“Our goal is to make sure that merchants can manage their operation without calling in, having full visibility, full transparency. We’re trying to create it into a system where people, companies, individuals, owners, operational professionals, can tap into a resource where they can manage their business the way they want, not the way that it’s forced upon them.”

Major markets

With facilities in major markets – Vancouver, Calgary, Toronto, and soon in Montreal, ranging from 44,000 to 91,000 square feet – the company claims it is within easy fulfillment distance of the entire Canadian population. With its modular AS/RS system and relatively small footprints, Bafandeh said that scaling up to meet new demand can be quick and seamless. The new, 45,000 square-foot facility in Scarborough will be able to fulfill approximately 10,000 orders per day at full capacity.

Darwynn partners with carriers and last-mile providers, as well as customs brokers to facilitate customers’ cross-border needs. The software algorithms determine which carriers to use based on the parameters of the shipment and the customer’s service level agreement. The company has also begun rolling out its own fleet, with 100 percent electric vehicles.

Reinventing the wheel

If it sounds like Darwynn is reinventing the wheel by creating its own platform and hardware, that’s intentional. Bafandeh says the environmental has radically changed, and fulfillment needs to follow.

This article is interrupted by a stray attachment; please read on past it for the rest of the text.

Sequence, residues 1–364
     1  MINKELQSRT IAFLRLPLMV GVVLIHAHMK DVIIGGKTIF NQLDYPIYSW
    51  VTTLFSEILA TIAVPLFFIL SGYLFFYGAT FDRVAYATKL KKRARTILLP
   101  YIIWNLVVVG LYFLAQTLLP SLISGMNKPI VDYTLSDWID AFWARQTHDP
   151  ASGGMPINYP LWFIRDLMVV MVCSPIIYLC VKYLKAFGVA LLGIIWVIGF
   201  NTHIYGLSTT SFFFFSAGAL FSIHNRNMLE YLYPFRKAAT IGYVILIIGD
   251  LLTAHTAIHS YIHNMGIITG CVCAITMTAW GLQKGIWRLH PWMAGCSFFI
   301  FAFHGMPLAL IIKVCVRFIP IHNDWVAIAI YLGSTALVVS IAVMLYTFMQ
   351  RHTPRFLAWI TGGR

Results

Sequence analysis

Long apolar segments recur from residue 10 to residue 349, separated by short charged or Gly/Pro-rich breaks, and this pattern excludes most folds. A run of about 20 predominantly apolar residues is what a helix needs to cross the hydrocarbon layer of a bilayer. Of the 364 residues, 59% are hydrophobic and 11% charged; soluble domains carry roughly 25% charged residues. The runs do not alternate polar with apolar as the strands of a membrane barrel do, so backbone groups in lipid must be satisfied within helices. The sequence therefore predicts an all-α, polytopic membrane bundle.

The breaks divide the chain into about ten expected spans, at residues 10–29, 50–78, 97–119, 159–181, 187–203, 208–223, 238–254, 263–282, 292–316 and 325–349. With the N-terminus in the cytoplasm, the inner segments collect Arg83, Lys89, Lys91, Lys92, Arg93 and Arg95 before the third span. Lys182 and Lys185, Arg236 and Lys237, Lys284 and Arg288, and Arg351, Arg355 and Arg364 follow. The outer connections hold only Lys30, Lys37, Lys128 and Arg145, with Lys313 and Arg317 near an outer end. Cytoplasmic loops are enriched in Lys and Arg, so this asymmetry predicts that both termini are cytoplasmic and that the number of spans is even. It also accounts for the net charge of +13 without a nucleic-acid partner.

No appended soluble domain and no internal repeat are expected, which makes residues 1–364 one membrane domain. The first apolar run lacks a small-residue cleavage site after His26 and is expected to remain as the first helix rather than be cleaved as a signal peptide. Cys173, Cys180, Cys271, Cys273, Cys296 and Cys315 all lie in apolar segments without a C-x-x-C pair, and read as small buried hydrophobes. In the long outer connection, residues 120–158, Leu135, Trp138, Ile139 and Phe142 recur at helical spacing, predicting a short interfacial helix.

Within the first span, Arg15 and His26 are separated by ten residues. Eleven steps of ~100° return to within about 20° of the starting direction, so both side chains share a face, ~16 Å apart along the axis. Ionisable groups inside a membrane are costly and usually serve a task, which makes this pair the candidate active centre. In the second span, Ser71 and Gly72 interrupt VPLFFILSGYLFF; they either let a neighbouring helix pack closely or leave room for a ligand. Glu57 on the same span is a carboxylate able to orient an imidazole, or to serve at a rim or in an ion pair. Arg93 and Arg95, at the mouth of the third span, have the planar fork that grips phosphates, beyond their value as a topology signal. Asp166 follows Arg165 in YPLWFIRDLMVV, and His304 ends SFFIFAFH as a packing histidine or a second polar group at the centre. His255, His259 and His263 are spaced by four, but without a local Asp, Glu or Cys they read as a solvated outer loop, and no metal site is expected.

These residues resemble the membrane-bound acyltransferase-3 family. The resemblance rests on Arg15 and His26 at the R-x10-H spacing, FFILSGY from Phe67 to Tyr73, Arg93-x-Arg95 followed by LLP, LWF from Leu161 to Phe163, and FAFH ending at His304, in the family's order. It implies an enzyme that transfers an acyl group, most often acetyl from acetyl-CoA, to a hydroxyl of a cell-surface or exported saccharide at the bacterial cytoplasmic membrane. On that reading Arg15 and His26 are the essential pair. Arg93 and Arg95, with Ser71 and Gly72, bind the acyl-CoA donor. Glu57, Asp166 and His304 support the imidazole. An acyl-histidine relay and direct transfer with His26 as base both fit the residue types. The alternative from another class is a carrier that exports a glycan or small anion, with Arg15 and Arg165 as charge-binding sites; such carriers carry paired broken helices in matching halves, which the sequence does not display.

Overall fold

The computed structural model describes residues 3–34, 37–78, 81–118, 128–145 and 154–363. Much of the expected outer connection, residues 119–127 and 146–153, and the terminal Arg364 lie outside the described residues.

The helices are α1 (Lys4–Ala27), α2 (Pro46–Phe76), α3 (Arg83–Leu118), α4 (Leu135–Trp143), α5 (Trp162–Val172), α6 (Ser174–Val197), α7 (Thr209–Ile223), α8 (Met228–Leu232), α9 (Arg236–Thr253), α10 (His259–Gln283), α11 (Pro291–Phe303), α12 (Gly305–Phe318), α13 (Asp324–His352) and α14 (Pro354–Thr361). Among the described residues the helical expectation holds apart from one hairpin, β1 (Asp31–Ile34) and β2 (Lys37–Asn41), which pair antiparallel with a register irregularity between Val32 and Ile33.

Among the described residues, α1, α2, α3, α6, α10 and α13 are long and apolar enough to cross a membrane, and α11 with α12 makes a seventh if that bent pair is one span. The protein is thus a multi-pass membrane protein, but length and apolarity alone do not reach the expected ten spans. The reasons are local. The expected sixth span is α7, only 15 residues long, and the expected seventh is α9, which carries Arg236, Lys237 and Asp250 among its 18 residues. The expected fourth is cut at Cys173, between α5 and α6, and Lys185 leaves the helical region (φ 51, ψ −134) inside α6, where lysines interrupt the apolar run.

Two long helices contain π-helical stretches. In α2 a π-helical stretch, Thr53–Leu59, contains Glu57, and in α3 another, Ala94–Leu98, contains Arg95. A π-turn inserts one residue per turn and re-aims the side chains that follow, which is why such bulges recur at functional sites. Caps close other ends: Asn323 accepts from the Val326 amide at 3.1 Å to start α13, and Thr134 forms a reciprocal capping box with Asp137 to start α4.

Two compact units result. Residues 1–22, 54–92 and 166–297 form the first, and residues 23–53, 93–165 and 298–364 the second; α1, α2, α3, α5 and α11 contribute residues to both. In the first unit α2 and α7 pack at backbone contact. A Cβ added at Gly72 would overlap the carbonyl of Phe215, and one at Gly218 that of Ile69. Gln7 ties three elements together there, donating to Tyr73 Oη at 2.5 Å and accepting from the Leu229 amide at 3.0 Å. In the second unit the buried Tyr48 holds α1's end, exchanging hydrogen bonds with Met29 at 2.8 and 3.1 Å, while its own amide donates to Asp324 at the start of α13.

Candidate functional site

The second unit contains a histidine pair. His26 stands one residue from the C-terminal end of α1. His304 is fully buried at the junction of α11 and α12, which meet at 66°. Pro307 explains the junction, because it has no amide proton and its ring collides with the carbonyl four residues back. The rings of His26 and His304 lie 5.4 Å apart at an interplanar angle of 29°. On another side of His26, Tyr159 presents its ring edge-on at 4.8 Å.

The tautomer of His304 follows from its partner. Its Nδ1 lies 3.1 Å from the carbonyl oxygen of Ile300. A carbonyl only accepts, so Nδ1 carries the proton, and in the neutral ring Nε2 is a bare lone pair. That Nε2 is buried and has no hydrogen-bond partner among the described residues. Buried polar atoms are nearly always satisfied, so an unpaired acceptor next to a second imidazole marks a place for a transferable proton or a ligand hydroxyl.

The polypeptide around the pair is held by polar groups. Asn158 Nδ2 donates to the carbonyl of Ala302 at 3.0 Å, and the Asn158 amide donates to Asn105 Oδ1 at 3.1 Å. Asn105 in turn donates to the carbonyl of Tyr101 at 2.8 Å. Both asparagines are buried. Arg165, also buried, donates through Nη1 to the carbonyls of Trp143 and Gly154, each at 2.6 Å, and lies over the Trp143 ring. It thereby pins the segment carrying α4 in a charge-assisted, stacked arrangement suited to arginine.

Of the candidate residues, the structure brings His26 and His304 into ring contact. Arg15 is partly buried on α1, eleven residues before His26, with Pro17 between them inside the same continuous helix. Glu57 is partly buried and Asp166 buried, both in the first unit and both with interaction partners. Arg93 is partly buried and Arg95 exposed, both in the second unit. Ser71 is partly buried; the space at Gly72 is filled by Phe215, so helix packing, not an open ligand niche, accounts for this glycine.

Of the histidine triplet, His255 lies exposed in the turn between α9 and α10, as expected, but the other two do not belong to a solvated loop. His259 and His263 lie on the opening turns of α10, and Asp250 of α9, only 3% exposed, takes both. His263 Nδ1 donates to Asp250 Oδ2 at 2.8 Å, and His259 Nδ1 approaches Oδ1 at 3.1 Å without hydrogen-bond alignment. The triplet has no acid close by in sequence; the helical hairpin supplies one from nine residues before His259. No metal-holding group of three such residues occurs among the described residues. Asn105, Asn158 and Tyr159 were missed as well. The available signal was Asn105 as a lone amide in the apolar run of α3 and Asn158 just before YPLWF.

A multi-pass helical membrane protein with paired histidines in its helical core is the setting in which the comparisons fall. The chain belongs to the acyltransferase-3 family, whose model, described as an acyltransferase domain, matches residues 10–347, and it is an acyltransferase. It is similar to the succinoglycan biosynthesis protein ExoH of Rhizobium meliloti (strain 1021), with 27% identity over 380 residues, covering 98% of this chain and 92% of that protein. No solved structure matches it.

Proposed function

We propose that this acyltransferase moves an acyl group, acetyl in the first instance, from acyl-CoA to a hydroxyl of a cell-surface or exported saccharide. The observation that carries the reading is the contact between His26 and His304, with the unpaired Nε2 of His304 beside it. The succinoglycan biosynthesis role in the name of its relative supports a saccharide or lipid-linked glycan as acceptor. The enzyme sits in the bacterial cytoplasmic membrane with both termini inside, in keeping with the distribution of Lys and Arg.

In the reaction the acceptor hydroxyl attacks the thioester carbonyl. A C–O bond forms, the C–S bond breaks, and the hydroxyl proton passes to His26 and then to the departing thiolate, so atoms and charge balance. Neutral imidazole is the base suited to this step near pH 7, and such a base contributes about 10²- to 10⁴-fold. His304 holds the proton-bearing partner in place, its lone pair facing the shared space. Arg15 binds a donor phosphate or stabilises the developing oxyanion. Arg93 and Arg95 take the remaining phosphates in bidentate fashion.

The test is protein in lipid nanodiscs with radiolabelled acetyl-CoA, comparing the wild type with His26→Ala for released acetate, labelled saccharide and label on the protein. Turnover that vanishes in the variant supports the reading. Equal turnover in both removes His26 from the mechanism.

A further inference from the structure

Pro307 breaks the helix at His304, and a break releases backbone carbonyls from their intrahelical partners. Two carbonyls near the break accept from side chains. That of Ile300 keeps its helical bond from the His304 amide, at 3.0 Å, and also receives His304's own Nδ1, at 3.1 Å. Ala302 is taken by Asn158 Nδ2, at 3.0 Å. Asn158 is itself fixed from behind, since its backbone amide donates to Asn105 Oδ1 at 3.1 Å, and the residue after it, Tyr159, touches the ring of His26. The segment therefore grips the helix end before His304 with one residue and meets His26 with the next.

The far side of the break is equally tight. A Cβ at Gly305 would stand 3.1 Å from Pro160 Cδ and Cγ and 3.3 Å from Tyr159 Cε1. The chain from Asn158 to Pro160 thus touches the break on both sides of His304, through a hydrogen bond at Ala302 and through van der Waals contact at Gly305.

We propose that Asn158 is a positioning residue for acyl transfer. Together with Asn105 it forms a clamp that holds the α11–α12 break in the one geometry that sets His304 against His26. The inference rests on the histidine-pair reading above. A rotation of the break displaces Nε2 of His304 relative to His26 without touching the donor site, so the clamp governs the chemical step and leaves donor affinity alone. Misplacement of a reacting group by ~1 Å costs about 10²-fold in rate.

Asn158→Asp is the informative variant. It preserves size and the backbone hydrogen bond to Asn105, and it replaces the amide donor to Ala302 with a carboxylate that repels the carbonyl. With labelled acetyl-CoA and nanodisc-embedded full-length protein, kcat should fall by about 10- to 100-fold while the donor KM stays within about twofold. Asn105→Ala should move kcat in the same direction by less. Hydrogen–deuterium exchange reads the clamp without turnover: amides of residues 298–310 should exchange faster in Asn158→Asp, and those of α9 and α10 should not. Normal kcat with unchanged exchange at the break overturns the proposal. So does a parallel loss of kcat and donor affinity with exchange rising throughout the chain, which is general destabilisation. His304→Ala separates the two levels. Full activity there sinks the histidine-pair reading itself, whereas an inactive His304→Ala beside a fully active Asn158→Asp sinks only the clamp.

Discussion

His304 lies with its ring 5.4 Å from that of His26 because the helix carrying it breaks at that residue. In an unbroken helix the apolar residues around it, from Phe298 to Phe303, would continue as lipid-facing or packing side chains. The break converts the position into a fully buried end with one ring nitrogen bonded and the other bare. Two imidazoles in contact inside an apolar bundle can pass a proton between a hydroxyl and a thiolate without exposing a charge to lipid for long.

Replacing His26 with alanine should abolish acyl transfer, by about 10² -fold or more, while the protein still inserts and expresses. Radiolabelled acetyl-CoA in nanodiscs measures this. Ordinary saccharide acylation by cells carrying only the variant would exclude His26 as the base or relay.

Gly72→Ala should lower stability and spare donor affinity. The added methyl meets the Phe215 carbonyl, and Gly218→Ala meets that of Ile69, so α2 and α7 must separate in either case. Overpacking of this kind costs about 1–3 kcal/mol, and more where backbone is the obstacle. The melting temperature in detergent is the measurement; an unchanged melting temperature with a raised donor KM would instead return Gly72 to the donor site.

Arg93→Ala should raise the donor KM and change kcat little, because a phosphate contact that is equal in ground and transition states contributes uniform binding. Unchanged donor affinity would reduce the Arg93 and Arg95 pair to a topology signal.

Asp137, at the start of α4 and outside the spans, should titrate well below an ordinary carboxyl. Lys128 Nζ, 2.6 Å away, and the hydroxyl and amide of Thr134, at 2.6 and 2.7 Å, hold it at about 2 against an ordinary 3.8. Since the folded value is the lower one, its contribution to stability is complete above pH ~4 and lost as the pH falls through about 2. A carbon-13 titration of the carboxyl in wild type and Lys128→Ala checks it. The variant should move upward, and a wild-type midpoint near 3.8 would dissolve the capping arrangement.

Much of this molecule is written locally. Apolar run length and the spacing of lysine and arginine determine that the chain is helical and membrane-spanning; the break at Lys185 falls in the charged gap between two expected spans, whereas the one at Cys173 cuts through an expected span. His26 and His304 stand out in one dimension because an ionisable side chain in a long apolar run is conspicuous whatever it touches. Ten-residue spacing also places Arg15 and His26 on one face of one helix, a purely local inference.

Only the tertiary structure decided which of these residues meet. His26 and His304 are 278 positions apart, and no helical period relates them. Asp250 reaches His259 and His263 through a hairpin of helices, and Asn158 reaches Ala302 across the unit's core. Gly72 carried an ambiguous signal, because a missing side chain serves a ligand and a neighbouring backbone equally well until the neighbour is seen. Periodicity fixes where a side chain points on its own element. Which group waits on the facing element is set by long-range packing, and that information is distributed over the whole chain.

“When there’s a flood, wheels don’t work any more. You need a boat, right? And that’s the nature of where we are within the e-commerce space,” he said.

Twenty years ago it was bricks and mortar retail, and mom-and-pop shops were the small businesses of the time, he explained. If a manufacturer wanted to make the big time they’d sign with a big retailer like Walmart to reach more buyers.

“Now it’s completely changed. Companies are tapping into a global infrastructure, tapping into platforms that never existed. New platforms are arising out of nowhere. And for companies to be able to compete effectively, they need to maintain that adaptability,” Bafandeh said.

That takes us back to the name. Darwin talked about the survival of those that adapt the best, Bafandeh added. “We understand that with this technology, with this software, with this infrastructure, even though we have it, we understand we are at just the cusp of what operational fluidity and operational perfection is. We know that the business model is going to change, and we need to make sure that adaptability is the core component of our entire culture.”